You’ll need to figure the basis for shares sold in a wash sale. When you do, add the amount of disallowed loss to the basis of the shares that caused the wash sale. These are the new shares you received. By doing this, you defer the loss, but it’s not disallowed for good. You’ll get the benefit of the loss when you eventually sell the new shares (unless it’s another wash sale!).

You also have a wash sale if both of these apply:

You sell stock at a loss.

Your spouse — or a corporation you control — buys the same stock within the 30 days before and after the date of the sale.

Also, you might have bought fewer shares of stock or securities than you sold. If so, only the number of shares you bought is subject to the wash-sale rules.

In all of these tax related web sites, wash sale discussion involves REPLACEMENT shares not a round trip loss involving a single purchase and a single sale. Believing that to be a wash sale is misguided.

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Yes,I'm editing this answer because the purchase ofOP edited the very same sharesoriginal question, clarifying his premise. If you sold counts as buying "substantiallybuy substantially identical identical stock or securities" within 30 days before the sale and disallowsor after realizing a lose, the loss is disallowed. Note that disallowdisallowed means that the loss is deferred. ItIt does not mean that it is disallowed and is lost forever. This involves 3 transactions if long (two buys and a sell).

As for requestingThe OP has changed his wording to clarify that he meant one buy and a citation, you have provided the detailssale within 30 says of the rulehis purchase. In addition Although David Schwartz insists that this is a wash sale, on page 56his misinterpretation is incorrect. His claim is refuted by Craig W's link to Fairmark.com, a reputable taxation web site.

Furthermore, every web site that I have ever read that provides an example of Publication 550a wash sale violation utilizes 3 transactions. I have never seen one that utilized two transaction and I doubt that anyone claiming that two transactions is Example 1:a wash sale can find a reputable citation. Believing that 2 transactions constitutes a wash sale violation is a misguided personal interpretation of tax law.

You buy 100 shares of X stock for $1,000. You sell these shares for $750 and within 30 days from the sale you buy 100 shares of the same stock for $800. Because you bought substantially identical stock, you cannot deduct your loss of $250 on the sale. However, you add the disallowed loss of $250 to the cost of the new stock, $800, to obtain your basis in the new stock, which is $1,050.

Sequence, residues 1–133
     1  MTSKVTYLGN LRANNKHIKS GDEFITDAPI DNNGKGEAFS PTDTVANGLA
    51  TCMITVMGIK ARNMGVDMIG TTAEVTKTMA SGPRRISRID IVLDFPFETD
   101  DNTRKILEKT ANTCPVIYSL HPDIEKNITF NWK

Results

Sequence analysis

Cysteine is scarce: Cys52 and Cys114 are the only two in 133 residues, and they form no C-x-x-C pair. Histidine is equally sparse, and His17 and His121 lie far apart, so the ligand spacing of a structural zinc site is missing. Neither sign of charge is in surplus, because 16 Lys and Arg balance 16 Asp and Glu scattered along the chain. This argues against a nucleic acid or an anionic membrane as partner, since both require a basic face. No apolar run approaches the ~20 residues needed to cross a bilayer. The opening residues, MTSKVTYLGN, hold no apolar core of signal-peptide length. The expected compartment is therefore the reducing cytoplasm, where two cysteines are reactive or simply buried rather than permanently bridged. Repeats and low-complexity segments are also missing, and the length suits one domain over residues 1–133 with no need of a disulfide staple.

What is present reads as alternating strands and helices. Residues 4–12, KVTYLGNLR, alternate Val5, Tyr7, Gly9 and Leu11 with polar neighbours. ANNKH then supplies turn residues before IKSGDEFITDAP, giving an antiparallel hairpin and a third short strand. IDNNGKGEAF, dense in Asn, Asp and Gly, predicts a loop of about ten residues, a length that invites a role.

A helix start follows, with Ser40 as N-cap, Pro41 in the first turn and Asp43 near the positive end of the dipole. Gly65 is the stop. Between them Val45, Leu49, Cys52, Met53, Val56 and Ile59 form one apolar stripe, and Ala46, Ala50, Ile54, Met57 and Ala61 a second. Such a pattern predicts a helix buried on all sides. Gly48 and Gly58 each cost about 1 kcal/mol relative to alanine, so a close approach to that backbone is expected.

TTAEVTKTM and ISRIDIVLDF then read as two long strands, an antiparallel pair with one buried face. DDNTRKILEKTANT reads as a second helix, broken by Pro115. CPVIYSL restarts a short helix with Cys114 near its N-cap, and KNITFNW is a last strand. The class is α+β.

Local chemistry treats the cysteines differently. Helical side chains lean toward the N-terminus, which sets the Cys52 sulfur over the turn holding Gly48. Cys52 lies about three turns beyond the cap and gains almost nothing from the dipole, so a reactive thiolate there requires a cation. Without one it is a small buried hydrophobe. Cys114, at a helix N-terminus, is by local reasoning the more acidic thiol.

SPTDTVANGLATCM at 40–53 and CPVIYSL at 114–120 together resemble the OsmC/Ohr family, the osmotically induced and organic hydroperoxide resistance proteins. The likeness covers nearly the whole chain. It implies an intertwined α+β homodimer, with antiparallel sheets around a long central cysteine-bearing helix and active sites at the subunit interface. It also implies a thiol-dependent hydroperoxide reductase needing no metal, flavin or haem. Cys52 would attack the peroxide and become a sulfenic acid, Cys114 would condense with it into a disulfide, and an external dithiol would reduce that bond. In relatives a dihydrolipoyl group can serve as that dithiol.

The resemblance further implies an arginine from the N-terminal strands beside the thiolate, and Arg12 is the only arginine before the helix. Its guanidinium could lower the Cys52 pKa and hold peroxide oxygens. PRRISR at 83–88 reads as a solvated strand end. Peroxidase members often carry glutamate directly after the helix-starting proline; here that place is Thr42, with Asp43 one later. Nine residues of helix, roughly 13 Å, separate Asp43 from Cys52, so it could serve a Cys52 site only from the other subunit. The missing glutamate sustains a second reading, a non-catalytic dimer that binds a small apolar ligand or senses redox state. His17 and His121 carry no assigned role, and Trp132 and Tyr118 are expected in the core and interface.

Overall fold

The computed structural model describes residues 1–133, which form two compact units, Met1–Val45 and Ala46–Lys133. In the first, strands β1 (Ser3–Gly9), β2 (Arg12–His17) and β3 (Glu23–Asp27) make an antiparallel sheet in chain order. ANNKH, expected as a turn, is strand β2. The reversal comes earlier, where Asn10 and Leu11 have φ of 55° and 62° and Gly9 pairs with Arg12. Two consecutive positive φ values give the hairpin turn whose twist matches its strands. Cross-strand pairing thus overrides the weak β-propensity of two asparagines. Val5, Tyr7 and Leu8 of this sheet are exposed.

Back to the OP's question. Buying a security and selling it with 30 days does not constitute a wash sale. The same holds true for shorting.

Yes, the purchase of the very same shares you sold counts as buying "substantially identical stock or securities" within 30 days before the sale and disallows the loss. Note that disallow means that the loss is deferred. It does not mean that it is disallowed and is lost forever.

As for requesting a citation, you have provided the details of the rule. In addition, on page 56 of Publication 550 is Example 1:

You buy 100 shares of X stock for $1,000. You sell these shares for $750 and within 30 days from the sale you buy 100 shares of the same stock for $800. Because you bought substantially identical stock, you cannot deduct your loss of $250 on the sale. However, you add the disallowed loss of $250 to the cost of the new stock, $800, to obtain your basis in the new stock, which is $1,050.

I'm editing this answer because the OP edited the original question, clarifying his premise. If you buy substantially identical identical stock or securities" within 30 days before or after realizing a lose, the loss is disallowed. Note that disallowed means that the loss is deferred. It does not mean that it is disallowed and lost forever. This involves 3 transactions if long (two buys and a sell).

The OP has changed his wording to clarify that he meant one buy and a sale within 30 says of his purchase. Although David Schwartz insists that this is a wash sale, his misinterpretation is incorrect. His claim is refuted by Craig W's link to Fairmark.com, a reputable taxation web site.

Furthermore, every web site that I have ever read that provides an example of a wash sale violation utilizes 3 transactions. I have never seen one that utilized two transaction and I doubt that anyone claiming that two transactions is a wash sale can find a reputable citation. Believing that 2 transactions constitutes a wash sale violation is a misguided personal interpretation of tax law.

Back to the OP's question. Buying a security and selling it with 30 days does not constitute a wash sale. The same holds true for shorting.

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Yes, the purchase of the very same shares you sold counts as buying "substantially identical stock or securities" within 30 days before the sale and disallows the loss. Note that disallow means that the loss is deferred. It does not mean that it is disallowed and is lost forever.

As for requesting a citation, you have provided the details of the rule. In addition, on page 56 of Publication 550 is Example 1:

You buy 100 shares of X stock for $1,000. You sell these shares for $750 and within 30 days from the sale you buy 100 shares of the same stock for $800. Because you bought substantially identical stock, you cannot deduct your loss of $250 on the sale. However, you add the disallowed loss of $250 to the cost of the new stock, $800, to obtain your basis in the new stock, which is $1,050.